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Marx on the income gap

Published Apr 4, 2007 10:58 PM

The growing polarization between rich and poor, between the capitalist class and the working class, was eloquently described by Karl Marx and Frederick Engels in the Communist Manifesto some 160 years ago. Perhaps no part of the Manifesto has received more ridicule and scorn from capitalist apologists and ruling class economists than the so-called “theory of increasing misery of the working class.”

And yet today, in the richest imperialist power on the planet, when the number of billionaires is greater than ever and corporate profits are at record highs, poverty is skyrocketing. On virtually every international social index—nutrition, infant mortality, health care, education, homelessness—the U.S. ranks at the bottom of the industrial world.

A new report on income inequality confirms the trend. Looking at recently released IRS data on incomes, the New York Times (March 29) reports that the gap between rich and poor grew significantly last year, with the top 1 percent—-those making more than $348,000 a year—-receiving their largest share of the national income since 1928. The top 10 percent, those making more than $100,000, also reached a level of income share not seen since before the Depression.

While total reported income in the United States increased almost 9 percent in 2005, the most recent year for which such data was available, the overall increase hides the fact that this is all attributable to the rich getting richer. For the bottom 90 percent, incomes dropped 0.6 percent.

Incredibly, the new data show that the richest 300,000 Americans—one-tenth of 1 percent of the population—devoured as much of the national pie as the bottom 150 million, or half the country! “Per person,” writes the Times, “the top group received 440 times as much as the average person in the bottom half earned, nearly doubling the gap from 1980.”

And these tax-based figures are no doubt understated, since the Internal Revenue Service estimates that it is able to accurately tax 99 percent of wage income but can capture only about 70 percent of business and investment income, most of which flows to upper-income individuals. Nor does this data take into account decades of cutbacks in benefits and government services that the rich just don’t have to worry about. No millionaire need complain when health care, child care, welfare or education spending gets cut.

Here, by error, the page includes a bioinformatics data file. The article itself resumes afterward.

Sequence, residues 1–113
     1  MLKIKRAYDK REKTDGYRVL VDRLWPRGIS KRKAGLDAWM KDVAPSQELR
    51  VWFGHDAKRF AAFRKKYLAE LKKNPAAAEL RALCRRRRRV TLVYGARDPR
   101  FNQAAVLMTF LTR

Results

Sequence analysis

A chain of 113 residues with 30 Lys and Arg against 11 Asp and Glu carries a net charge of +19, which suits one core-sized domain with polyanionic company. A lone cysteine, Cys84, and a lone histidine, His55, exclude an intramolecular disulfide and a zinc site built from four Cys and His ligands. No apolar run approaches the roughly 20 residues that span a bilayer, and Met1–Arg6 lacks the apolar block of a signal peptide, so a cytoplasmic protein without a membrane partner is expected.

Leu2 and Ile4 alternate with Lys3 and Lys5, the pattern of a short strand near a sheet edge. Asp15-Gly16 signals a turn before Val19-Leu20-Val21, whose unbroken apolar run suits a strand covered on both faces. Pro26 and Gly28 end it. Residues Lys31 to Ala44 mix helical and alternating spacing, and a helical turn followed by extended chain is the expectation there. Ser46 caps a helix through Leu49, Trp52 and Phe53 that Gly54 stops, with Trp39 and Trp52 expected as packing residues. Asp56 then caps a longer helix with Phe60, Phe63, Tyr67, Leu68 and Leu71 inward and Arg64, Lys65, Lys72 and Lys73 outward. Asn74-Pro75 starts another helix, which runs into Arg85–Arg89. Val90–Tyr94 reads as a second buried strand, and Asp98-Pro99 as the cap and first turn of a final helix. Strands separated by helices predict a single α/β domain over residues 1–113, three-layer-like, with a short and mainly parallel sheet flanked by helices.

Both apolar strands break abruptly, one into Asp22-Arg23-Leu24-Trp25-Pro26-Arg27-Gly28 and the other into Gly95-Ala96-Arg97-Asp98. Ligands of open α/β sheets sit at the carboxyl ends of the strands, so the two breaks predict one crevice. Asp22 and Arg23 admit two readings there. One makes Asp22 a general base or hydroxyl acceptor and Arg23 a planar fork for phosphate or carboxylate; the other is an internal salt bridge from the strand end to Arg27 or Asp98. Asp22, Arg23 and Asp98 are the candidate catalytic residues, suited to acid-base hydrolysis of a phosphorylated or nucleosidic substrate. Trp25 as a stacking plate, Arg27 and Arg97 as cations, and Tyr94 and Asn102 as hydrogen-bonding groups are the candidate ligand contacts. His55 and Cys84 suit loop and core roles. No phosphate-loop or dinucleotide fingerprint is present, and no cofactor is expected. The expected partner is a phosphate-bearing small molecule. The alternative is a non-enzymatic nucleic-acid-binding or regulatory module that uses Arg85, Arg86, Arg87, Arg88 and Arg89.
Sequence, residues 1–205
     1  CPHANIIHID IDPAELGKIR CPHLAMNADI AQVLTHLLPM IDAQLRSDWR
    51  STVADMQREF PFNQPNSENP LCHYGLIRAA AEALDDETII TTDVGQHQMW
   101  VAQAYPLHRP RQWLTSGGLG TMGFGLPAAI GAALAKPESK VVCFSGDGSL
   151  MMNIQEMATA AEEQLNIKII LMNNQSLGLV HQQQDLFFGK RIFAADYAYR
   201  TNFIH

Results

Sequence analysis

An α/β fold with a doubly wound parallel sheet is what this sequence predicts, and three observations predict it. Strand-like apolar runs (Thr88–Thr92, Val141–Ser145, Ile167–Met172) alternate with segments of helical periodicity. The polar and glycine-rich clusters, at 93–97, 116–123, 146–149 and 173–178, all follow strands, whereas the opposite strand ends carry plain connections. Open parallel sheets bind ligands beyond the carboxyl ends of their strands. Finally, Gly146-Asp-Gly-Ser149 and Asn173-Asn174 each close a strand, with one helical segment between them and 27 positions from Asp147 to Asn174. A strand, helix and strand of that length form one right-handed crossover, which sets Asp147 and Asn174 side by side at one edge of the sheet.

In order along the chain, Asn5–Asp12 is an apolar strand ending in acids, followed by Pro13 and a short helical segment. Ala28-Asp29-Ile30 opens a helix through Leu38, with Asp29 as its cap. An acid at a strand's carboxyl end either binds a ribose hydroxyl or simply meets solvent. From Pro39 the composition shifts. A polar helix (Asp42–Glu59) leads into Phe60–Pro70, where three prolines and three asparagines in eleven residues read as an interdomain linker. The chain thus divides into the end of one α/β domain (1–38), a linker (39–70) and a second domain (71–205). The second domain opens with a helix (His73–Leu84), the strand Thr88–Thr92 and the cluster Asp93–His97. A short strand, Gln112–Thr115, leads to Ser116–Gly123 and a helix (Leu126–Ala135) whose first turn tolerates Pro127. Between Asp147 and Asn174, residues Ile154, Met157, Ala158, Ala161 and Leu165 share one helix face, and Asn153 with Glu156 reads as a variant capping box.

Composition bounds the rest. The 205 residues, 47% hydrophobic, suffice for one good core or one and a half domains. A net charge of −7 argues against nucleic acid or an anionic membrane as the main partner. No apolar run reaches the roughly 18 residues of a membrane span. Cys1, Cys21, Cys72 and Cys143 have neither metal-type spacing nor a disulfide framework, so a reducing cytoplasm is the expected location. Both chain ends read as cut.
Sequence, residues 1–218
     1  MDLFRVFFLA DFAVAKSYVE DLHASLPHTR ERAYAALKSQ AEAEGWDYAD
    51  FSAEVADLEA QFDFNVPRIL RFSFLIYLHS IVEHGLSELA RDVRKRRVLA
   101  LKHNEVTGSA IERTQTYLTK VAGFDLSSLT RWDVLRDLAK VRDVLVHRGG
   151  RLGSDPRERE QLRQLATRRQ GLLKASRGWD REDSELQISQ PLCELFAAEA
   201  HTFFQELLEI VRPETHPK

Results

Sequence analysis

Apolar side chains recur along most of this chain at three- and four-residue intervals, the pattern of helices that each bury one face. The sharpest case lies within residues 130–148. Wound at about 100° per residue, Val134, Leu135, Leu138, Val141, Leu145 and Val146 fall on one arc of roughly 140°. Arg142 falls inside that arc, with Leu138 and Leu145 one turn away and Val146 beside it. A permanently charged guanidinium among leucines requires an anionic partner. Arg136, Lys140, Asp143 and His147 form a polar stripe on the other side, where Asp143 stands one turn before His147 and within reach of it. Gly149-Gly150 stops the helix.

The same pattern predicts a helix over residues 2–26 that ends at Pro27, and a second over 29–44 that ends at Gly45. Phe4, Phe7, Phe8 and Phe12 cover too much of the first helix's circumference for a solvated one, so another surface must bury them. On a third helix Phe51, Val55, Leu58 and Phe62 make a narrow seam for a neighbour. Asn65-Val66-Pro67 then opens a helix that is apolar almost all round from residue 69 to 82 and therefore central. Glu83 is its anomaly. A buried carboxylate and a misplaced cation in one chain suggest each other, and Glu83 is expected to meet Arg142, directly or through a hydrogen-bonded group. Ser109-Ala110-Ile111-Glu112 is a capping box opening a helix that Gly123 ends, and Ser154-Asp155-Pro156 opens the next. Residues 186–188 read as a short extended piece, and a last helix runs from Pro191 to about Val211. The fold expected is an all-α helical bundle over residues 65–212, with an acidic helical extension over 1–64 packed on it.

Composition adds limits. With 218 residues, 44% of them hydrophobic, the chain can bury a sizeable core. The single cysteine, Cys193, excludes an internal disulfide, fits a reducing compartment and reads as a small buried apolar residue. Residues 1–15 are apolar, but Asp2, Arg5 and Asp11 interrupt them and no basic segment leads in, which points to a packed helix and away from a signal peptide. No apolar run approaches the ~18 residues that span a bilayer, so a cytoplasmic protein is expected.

And there is no end in sight to these trends, with the Bush administration promising tax cuts to millionaires that average over $150,000 a year.

In summary, the analysis cited by the Times shows that the richest 1 percent received 21.8 percent of all reported income in 2005, up from 19.8 percent in 2004, and more than double their share of income in 1980.

These trends all confirm the economic prognosis given by Marx and Engels almost two centuries ago, writing at a time when the capitalist system was young and developing, unlike today when it is senile and decrepit.

Yet news reports about the income gap, while exposing the injustice and hypocrisy of the system, do not focus attention on the real source of the problem. It is not the distribution of income per se. And the well-meaning efforts of liberals and social reformers to trim the excesses of the income gap, to tweak the tax policies of the capitalist government so that the rich get a little less and the poor get a little more, will not solve the crisis.

Marx showed that the real problem is the private ownership of the means of production. As long as the lifeblood of the economy, its vital resources, factories and technology are owned by a tiny group of individuals, as long as production is governed by the law of capital accumulation and not the needs of society as a whole, poverty, injustice and capitalist crisis will remain and ultimately grow.

Today, with the myriad problems of war, poverty and the environment, it is patently clear that the needs of society for peace and security are at odds with the private ownership of the means of production. Workers produce everything; the ruling class produces nothing. The only way society can move forward is to transfer the means of production from private ownership to the collective hands of all the workers and oppressed. It will take a revolution to do that, but that’s much more likely to happen than passing a camel through the eye of a needle.